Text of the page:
TOKYO, SEPT. 2 -- The Japanese Supreme Court today issued a landmark ruling that opens the door to "no-fault" divorces for the first time in this traditional country that has long attached a social stigma to divorce.
The court said that a 75-year-old Tokyo businessman, who first filed for divorce 38 years ago after walking out on his wife to live with a mistress, was entitled to court consideration of his divorce suit even though he was the person at fault.
The businessman, who has two children with his mistress, had been denied a divorce by two lower courts after those courts refused to recognize his demand. The businessman and his 71-year-old wife, with whom he has not lived since 1949, were not identified in court papers.
The Supreme Court ruling is being hailed as the beginning of a new era in Japan, which has approved very few no-fault divorces in comparison with the United States and Europe.
Under Japanese civil law a person can sue for divorce only in cases of adultery, desertion, absence of the spouse for more than three years without contact, incurable mental illness or instances such as maltreatment that make continuation of the marriage impossible. Generally, Japanese courts have held the view that "guiltless" spouses should not be forced into unwanted divorces.
Japanese legal experts said today that the Supreme Court decision reflected changing social reality. Japanese marriages now more often result from love than official arrangements, and divorce has become acceptable.
"In a word, it is the new trend of the times," said the lawyer for the shunned wife, Hiromasa Kido.
Because of the stigma attached to divorce and the absence of laws guaranteeing child support, alimony and property division, Japanese wives -- most of whom stay at home with their children -- have long felt it better to suffer in silence than risk divorce, experts say.
According to court statistics, women get custody of the children in most divorces, but only in slightly more than half of court-mediated cases have men agreed to divide property and offer alimony.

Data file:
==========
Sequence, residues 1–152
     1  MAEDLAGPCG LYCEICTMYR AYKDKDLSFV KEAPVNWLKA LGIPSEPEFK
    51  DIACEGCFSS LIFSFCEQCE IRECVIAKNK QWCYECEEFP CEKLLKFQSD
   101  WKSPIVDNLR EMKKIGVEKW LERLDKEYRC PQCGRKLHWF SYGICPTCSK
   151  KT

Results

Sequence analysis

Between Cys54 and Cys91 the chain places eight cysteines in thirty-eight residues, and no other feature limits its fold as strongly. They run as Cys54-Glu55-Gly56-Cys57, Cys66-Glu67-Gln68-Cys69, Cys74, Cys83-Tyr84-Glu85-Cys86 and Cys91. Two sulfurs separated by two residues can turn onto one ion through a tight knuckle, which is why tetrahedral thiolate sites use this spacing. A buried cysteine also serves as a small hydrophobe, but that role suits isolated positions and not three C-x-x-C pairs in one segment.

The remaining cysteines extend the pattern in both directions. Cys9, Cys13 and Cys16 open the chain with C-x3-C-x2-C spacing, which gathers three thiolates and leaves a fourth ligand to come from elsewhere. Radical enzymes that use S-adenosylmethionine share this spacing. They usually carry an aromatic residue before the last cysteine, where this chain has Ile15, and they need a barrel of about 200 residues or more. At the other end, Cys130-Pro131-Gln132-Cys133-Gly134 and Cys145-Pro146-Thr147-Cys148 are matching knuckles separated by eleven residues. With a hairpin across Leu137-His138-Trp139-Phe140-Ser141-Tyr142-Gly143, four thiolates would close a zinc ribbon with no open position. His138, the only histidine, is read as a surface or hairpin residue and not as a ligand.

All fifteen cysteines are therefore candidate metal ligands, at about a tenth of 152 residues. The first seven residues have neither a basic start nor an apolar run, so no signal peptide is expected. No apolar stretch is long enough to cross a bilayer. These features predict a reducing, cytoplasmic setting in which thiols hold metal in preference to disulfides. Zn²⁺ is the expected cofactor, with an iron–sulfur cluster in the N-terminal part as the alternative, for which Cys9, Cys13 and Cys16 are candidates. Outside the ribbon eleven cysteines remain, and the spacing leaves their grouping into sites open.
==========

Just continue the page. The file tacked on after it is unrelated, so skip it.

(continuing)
Nonetheless, the number of divorces has more than doubled in the last two decades, and women are asking for the separations. But Japan's divorce rate is still well below that of other industrial countries. For instance, the United States had 5 divorces per 1,000 married people compared with 1.5 per 1,000 in Japan in 1983.
"It is not natural that a husband and wife who hate each other should live together. So from that point of view I agree with today's verdict," said Yoriko Madoka, head of an organization for amicable settlement of divorces. "But the reality of Japan today is that divorce is overwhelmingly disadvantageous for women . . . . It is necessary to have a law which requires men to assure the life of their ex-wife and children."
About 90 percent of Japan's divorces, unlike the case decided today by the Supreme Court, are uncontested. When husband and wife agree on the terms of divorce, a final parting of the ways can be obtained simply by filing a short document at the local government office.
However, today's case was more complicated. The husband and wife married in 1937 -- for love -- but when his wife discovered he was having an affair, the husband moved out in 1949 to live with his mistress, a widow with two children. The married couple had had no children together.
The wife got the couple's house and supported herself by selling it and becoming a teacher of doll-making. Today, according to newspaper reports, she has tuberculosis and lives with her older brother.